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UKRAINE

Switzerland extends sanctions against Russia over Ukraine invasion

Switzerland has implemented its sixth set of sanctions against Russia, which are primarily targeted at oil imports.

It remains to be seen if Ukrainians are allowed to stay permanently in Switzerland. Photo by Pexels
Protesters in support of Ukraine have their say in Switzerland. Photo by Pexels

The measures, decided by the EU on June 3rd, came into force in Switzerland at 6 pm on Wednesday, the Federal Council announced.

They include an embargo on crude oil and certain refined petroleum products from Russia.

“Similar to the measures applicable in the EU, the purchase, import, transit and transport to or within Switzerland are prohibited”, the government said.  

“In addition, the embargo provides for a ban on the provision of services, including insurance or reinsurance, in connection with the transport of oil and certain Russian petroleum products”.  

The provision of services such as accounting, public relations and business consultancy to the Russian government is now also banned, in addition to advertising content produced or broadcast by official Russian media such as Russia Today or Sputnik.

Swiss government under fire for Ukraine action

The Swiss government has faced criticism on both sides for its actions after the Ukraine invasion. 

Initially, the government faced criticism both domestically and abroad for putting in place the sanctions, which some said amounted to an erosion of the long-standing principle of neutrality. 

Sanctions on Russia: Is Switzerland still a neutral nation?

When the announcement was made, Swiss President Ignazio Cassis acknowledged that while the step was “unique” Switzerland was not abandoning its “untouchable” commitment to neutrality, countering that “playing into the hands of an aggressor is not neutral.”

More recently, the government has come under fire for blocking arms deliveries to Ukraine made by other countries. 

Several European nations have been blocked from delivering arms to the front lines of the conflict, for instance where they contain ammunition which is manufactured in Switzerland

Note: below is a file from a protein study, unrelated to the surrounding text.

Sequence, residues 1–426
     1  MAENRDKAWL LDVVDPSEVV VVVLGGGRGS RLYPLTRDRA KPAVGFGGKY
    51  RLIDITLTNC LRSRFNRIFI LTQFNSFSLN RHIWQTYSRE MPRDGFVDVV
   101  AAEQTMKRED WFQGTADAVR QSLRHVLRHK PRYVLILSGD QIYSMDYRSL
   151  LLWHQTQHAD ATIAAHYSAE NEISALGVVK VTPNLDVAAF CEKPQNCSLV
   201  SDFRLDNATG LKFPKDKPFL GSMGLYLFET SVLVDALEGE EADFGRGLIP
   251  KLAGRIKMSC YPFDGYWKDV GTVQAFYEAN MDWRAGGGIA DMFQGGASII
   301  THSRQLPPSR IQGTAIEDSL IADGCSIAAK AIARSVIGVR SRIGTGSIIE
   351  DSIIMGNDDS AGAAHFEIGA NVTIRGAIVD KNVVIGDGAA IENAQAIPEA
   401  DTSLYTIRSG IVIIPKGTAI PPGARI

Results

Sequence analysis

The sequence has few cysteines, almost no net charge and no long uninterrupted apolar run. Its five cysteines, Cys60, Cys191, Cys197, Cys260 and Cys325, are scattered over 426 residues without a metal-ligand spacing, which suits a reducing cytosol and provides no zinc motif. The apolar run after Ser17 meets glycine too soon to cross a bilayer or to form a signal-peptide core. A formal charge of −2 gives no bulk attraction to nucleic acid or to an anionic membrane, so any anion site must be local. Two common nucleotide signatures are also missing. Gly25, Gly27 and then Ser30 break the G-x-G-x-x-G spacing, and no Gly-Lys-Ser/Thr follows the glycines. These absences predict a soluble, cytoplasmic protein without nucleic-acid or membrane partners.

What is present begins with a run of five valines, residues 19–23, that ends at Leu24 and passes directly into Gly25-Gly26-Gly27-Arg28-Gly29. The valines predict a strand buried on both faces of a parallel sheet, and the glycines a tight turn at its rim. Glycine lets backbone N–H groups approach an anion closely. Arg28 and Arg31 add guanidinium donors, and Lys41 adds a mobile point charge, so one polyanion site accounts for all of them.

This is due to Switzerland’s commitment to neutrality. While political alliances can be made – which includes the imposition of sanctions such as those levied against Russia – providing military assistance is prohibited, even where this is done so indirectly. 

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UKRAINE

Switzerland bans imports of Russian gold

Switzerland, a key refiner and manufacturer of gold bars, is banning imports of the precious metal from Russia, the government said Wednesday.

Switzerland bans imports of Russian gold

The central government aligned itself with EU sanctions which, on July 21, added a ban on gold imports of Russian origin to the list of restrictions following Moscow’s invasion of Ukraine.

The ban came into effect at 6:00 pm on Wednesday, Switzerland’s Federal Council said in a statement.

Under the new sanctions, Switzerland forbids “buying, importing or transporting gold and gold products from Russia”, the statement said, adding that “services in connection with these goods are also prohibited”.

Traditionally neutral, Switzerland broke with its usual stance in the days after the start of the war in Ukraine by aligning itself with European Union economic sanctions.

In May, three tons of gold from Russia were imported from Britain, but it was not clear which company was responsible for bringing it to Switzerland, Bloomberg News reported.

The Swiss Association of Manufacturers and Traders in Precious Metals (ASFCMP), which represents the country’s largest refineries, contacted its members and said none of them were responsible for the imports.

The association insisted that “doubtful gold” had “no place in Switzerland” and urged its members to act “with the utmost caution”.

Swiss customs said at the time they were examining the imports in light of the sanctions, but insisted that gold imports from Russia were not banned.

While gold exports were already subject to sanctions, imports were not banned under the sanctions order, customs officials said.

The fourth package of sanctions imposed by the EU included luxury goods, banning the sale, supply, transfer or export of luxury goods to Russia, including gold, silver, pearls and diamonds.

But on July 21, the EU also explicitly added a ban on importing gold from Russia, including in the form of powder, debris or gold coins.

Switzerland has several refineries to recycle gold and melt ingots.

The sector employs 1,500 people, according to ASFCMP.

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